When the family used to sit down to dinner every evening, we each had an allocated chair around the kitchen table. There was never a discussion of any formal seating plan, but each member of the family just knew which chair was theirs and we would sit at the same place every night.

Everyone knew that Dad’s chair was the one with the best view through the archway to the lounge room TV. It just wouldn’t be a proper family dinner if he couldn’t watch the 6 o’clock news while we ate.

Mum would sit next to him, and I would sit opposite her. If there were ever dinner guests, Mum and I would shuffle around, but Dad never gave up his chair.

That’s how it has always been. Until he passed away.

Then it became just Mum and I. The two of us would continue to take our allocated seats opposite one another until I left the nest.

There has always been something symbolic about that empty chair at the table. Even as I write this article, I can picture Dad in his chair, mopping up his meal with a slice of Vienna bread, sharing strong feelings about the politician on the telly.

It’s been 20 years since Dad last sat in his seat.

Grief of Dad's empty chair feels greater at Christmas

The void left by his empty chair always feels greater at Christmas time, as the extended family gather without him.

Dad would always be the one to don the Santa suit to give out the presents to my cousins, aunties and uncles. Despite being other adults fit for the task, there was nobody quite like my Dad’s hilarious version of jolly old Saint Nick.

When any of my family members think of Christmas of years past, we remember Dad dressed up as Santa, falling off my sister’s bike as he rode down the street handing out lollies to the neighbour kids. He would say that wearing the hot suit in the Aussie summer was thirsty work, as he lifted his fluffy white beard to take swigs of beer in between handing out presents.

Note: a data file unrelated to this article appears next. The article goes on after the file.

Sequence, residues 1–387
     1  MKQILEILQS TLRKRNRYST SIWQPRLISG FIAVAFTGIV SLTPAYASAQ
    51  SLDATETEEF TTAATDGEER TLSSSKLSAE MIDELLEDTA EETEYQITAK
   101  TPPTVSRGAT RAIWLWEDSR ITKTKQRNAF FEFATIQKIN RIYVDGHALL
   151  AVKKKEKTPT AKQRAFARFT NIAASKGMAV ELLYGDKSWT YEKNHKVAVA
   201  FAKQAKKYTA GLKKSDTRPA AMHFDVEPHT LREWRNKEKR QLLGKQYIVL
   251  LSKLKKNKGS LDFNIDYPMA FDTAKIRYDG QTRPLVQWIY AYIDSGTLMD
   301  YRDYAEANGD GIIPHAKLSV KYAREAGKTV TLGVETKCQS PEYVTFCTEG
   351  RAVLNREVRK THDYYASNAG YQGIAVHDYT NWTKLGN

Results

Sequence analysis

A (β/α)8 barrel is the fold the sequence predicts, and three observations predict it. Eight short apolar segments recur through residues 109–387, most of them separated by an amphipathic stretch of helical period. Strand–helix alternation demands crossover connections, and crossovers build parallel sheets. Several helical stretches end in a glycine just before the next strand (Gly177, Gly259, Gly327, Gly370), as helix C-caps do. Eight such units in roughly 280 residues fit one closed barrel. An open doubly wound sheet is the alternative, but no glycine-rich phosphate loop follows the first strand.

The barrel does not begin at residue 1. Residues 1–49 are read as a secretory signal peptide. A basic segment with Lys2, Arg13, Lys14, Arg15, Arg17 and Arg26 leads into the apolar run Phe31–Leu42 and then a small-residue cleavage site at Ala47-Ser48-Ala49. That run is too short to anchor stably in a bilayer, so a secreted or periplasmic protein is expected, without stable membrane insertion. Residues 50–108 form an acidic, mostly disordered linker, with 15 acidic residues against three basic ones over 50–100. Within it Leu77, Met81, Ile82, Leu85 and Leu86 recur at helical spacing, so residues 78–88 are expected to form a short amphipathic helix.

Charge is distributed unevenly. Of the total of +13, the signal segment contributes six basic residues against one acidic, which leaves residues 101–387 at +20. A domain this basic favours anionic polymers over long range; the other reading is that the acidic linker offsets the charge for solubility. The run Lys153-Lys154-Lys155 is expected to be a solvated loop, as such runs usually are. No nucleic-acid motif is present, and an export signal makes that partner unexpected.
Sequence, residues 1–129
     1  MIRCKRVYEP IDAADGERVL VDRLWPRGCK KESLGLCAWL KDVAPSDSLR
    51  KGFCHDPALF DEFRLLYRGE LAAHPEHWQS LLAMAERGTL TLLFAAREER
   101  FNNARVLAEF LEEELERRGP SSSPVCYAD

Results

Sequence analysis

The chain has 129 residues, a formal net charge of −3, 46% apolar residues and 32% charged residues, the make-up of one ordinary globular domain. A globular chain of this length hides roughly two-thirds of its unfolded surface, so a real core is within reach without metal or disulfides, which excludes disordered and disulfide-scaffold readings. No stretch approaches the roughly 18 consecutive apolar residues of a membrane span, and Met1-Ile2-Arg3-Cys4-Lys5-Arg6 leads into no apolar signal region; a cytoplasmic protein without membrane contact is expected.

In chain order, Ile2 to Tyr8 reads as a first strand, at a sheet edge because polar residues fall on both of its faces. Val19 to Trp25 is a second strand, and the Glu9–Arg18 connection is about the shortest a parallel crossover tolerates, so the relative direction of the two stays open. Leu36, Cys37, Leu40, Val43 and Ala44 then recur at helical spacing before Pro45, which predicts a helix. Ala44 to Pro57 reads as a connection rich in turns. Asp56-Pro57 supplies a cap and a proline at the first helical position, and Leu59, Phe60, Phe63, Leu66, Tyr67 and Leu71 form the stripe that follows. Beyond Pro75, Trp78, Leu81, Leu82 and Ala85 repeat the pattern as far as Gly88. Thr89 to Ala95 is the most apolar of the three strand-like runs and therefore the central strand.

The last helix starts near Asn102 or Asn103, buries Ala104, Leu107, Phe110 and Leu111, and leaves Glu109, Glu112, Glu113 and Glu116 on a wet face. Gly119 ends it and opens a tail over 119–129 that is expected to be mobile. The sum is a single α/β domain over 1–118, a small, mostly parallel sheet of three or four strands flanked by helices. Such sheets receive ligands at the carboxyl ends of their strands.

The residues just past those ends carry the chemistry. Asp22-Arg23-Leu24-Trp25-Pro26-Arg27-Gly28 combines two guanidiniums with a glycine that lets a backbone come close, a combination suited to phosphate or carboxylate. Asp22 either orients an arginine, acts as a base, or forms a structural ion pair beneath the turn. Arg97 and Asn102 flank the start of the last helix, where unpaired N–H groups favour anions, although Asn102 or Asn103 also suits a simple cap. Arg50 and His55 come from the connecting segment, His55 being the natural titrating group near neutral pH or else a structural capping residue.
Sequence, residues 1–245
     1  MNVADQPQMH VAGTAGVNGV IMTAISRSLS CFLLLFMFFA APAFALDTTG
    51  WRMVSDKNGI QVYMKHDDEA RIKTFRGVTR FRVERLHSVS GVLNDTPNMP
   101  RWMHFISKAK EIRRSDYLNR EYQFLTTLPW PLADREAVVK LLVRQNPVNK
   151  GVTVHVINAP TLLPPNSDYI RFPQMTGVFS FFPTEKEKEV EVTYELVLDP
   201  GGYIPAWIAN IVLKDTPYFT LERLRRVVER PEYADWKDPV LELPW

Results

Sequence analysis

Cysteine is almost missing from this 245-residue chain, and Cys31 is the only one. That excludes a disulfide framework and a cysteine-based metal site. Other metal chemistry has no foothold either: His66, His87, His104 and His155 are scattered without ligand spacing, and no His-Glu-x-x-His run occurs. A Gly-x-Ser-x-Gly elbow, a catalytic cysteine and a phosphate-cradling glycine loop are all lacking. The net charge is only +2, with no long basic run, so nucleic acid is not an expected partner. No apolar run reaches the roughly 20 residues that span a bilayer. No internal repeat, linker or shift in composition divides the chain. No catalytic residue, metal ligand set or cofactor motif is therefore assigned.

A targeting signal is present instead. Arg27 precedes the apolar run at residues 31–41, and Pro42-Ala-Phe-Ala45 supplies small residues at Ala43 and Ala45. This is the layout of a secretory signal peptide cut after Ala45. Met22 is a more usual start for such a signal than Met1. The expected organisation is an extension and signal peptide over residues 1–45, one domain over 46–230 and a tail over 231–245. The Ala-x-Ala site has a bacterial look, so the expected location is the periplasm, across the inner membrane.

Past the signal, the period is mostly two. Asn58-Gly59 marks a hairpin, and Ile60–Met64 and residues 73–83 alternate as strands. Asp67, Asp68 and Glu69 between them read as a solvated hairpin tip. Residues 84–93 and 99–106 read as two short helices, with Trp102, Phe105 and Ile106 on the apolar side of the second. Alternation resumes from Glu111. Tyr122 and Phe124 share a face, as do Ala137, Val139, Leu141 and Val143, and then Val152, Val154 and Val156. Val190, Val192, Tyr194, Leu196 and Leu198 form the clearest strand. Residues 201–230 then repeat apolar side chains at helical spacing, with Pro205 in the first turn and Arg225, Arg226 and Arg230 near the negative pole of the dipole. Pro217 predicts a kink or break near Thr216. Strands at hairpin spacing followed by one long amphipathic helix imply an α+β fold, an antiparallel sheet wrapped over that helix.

Empty chair Christmas place setting
The void left by Dad's empty chair always feels greater at Christmas time, as the family gather without him.

Nobody else brought joy to Christmas quite like my old man. Consequently, my Christmas flame died out with him.

The holidays have never quite felt the same. When I set the table with my mum and sister each Christmas, there is a noticeable void.

But despite my grief in Dad being missing for Christmas, his empty chair represents the memories, the laughs and the love we have known and shared during his time on this earth. That gift is truly a blessing for which I will forever be grateful.

I am also grateful that my family has grown over the years and we can create new holiday memories. This year we will sit down at the Christmas table with my fiancé, brother-in-law, and my adult niece and her partner – each who have never met my dad but still know the love for him that the rest of us feel.

How to stay connected to a deceased loved one at Christmas

If you too are approaching the holidays with an empty chair at your table, take the opportunity to reflect on what that vacant seat represents. It will help you to stay connected to a deceased loved one.

Rather than an empty space, think of the chair as a place still occupied by the love and memory of the special person who once sat on it. Keeping those memories close to your heart means your person can never be forgotten.

Ask yourself what funny, special and loving moments have been shared from that seat?

The person who once sat there may no longer be here in the flesh, but their love can still occupy a significant space in the hearts of those who remember them.

So on Christmas Day, when our family gathers around the table, we will raise a toast to those loved and lost, but also to the memories yet to be made.

Our 12 Days of Christmas Grief guide has some other practical tips on celebrating your special person at Christmas time.

Grief and bereavement support

No matter your family situation, you’re never alone as you navigate your grief journey.

If you’re seeking grief or bereavement support, we’ve compiled a list of services across Australia here. If you are seeking grief support, speak to your health professional or reach out to the Australian Centre for Grief and Bereavement on 1800 642 066.

Or for more immediate help, call Lifeline on 13 11 14, or BeyondBlue on 1300 224 636.

At Bare, we would be honoured to support you in planning a befitting memorial ceremony for your loved one – whether that’s entirely family-led, or with our dedicated celebrant team. Visit our website bare.com.au or call 1800 202 901.